As part of an ongoing discussion about the cost of Maui’s tourism industry, a council member wonders if resorts are paying their fair share for one of the island’s most valuable resources: the water.
Maui County Council Vice Chairman Keani Rawlins-Fernandez asked officials at a Thursday Water Supply Board meeting to consider raising water prices for some of the users Maui’s most glaring – the resorts.
When it comes to paying for the volume of water used, agricultural customers have long paid the lowest rates. But owners and general users – ranging from family shops to schools to luxury hotels – are billed at the same rate.
There is, however, an exception for owners who use a lot of water. They may end up paying the county’s highest prices per gallon if they use more than 35,000 gallons per month, a policy intended to ‘further encourage conservation’, according to a recent water tariff study.
There is no separate category like this for businesses – including hotels – that use a lot of water.
“It didn’t seem fair that families, who need the essential amount of water to survive, were paying the same rate as hotels, which generate huge profits from our water,” Rawlins-Fernandez said.
The councilwoman proposed that water officials create an autonomous class for hotels to encourage them to conserve water and address “perceived inequity” in Maui’s water system. In fiscal 2020, which ended in June, resorts, many of which are located in Kihei and Wailea, made up the majority of Maui’s top 20 customers. county documents.
The Grand Wailea topped the list, using over 172 million gallons that year. In a statement, the hotel said it is “deeply committed to preserving Maui’s precious natural resources” and has invested $1 million in water conservation programs.
That’s nearly 500,000 gallons a day — the amount needed to supply 1,428 single-family homes, Rawlins-Fernandez told the water board.
Asking hotels to pay higher water bills is not uncommon on Maui. While researching water rates, the council member came across a private water company serving Kapalua that has a separate category for hotels and motels. These properties are billed $11.60 for every 1,000 gallonsnearly double the county’s highest rate of $5.85 per 1,000 gallons.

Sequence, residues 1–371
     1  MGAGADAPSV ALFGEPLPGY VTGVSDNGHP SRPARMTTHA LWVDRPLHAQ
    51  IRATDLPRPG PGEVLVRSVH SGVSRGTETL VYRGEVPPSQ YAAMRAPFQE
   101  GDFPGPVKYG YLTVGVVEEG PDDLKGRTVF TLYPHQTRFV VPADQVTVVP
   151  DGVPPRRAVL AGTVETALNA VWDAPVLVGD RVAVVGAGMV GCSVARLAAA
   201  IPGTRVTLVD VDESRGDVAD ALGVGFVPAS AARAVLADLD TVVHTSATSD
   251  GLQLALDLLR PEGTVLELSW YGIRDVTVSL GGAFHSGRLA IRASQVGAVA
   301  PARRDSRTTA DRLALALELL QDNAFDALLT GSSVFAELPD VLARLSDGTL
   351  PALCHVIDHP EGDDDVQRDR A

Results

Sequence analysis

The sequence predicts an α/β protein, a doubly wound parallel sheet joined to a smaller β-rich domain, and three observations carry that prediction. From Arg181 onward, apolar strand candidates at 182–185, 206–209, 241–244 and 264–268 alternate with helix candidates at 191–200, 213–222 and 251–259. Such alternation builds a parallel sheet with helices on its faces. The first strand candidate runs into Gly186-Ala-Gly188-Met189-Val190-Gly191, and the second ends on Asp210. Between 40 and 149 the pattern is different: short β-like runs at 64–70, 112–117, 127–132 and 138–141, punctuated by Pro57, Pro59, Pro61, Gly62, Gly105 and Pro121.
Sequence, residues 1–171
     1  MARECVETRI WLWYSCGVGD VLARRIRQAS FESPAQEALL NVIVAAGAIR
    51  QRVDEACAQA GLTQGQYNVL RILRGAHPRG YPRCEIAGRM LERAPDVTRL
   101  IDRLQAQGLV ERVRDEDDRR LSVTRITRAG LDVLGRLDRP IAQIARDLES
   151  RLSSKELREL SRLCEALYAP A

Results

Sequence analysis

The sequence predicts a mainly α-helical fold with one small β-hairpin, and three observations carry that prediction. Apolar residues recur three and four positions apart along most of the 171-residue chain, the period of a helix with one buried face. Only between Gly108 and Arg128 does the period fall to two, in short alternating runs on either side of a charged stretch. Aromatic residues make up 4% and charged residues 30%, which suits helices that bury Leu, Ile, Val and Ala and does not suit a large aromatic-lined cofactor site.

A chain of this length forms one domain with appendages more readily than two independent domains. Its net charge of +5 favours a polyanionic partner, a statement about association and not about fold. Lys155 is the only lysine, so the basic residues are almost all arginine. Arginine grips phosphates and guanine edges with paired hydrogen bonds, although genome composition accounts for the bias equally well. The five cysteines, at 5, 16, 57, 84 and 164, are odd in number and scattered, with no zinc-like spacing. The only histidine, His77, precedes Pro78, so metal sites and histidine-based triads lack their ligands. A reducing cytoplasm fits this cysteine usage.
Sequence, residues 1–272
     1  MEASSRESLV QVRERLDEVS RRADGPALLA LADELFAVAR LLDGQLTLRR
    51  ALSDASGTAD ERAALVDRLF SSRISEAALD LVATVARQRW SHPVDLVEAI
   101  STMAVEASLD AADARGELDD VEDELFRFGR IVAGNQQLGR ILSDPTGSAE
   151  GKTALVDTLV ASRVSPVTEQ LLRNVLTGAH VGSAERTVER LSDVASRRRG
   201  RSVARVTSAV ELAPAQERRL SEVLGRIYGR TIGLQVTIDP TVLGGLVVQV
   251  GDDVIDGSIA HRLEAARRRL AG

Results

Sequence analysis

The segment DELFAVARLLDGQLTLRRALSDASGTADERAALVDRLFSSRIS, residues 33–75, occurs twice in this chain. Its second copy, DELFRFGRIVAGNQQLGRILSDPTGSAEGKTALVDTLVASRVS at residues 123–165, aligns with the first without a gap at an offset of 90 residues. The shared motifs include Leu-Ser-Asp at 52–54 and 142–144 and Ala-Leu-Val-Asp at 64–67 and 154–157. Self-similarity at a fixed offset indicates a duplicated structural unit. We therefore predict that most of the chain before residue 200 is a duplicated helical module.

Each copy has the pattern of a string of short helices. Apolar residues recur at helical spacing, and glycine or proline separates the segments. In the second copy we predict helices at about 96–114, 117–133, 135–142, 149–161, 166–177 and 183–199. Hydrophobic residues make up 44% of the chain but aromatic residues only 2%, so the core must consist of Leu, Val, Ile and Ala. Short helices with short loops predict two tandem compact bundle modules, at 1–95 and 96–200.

“It’s almost double what we charge…and they still operate the hotels on that side,” Rawlins-Fernandez said. “I think it’s us giving them a really huge discount at the expense of our community.”
His proposal was only the first step in what could become a multi-year price adjustment process. Before taking effect, the council member said it would have to be reviewed by water officials and voted on by the county council, as well as scrutinized by experts trained to set the prices that the governments charge for water.
Like many local governments, Maui County for years hired a private consultant to perform the complex data analysis needed to determine what customers should pay to cover the costs of running the water system. Currently, three main factors go into customer bills: the type of property, the amount of water consumed, and the size of a property’s water meter, which is the device connecting the property to the water pipe that allows the county to meter usage.
All customers pay a flat monthly fee ranging from $19.80 to $1,251 depending on the size of their water meter. They also pay for the amount of water they use – between $2.05 and $5.85 for every 1,000 gallons for single-family homeowners and general customers. However, owners who use more than 35,000 gallons per month pay $6.55 per 1,000 gallons.
In a study published last year, the Maui County-hired consultant wrote that higher rates are meant to encourage homeowners to conserve water and discourage “discretionary” outdoor water use. Charging higher amounts for general customers, the consultant wrote, could inadvertently penalize larger operations – large companies, for example, are likely to use more water than smaller ones.
Jeffrey Pearson, the director of Maui’s water supply department, said at Thursday’s meeting that he was “not going to show reservations” about Rawlins-Fernandez’s proposal, telling him he thought “It’s great that you have ideas and different ways to generate revenue and hopefully reduce usage.
Meanwhile, the manager said, the Maui Water Department is trying to find ways to help communities like Kihei and Wailea use more recycled water.
Last year, the debate over water restrictions in Maui made national headlines while only backcountry residents were ordered to conserve water – or face $500 fines. Some Upcountry residents have accused the county of favoring resort communities like Wailea, while county officials have argued they could not have changed the situation due to how Maui’s water system was originally built: The section of the system that serves the Upcountry, which is more vulnerable to drought, is completely separated from those that serve the resort areas.
“I think important conversations about water have been going on for a long time,” Nalani Kaninau, vice president of the Water Supply Council, said at the meeting. “It’s not to punish egregious users, but I think they should pay for the privilege of using and abusing our precious resource.”
Read the board member’s presentation below.
Coverage of Maui County by Civil Beat is funded in part by a grant from the Nuestro Futuro Foundation.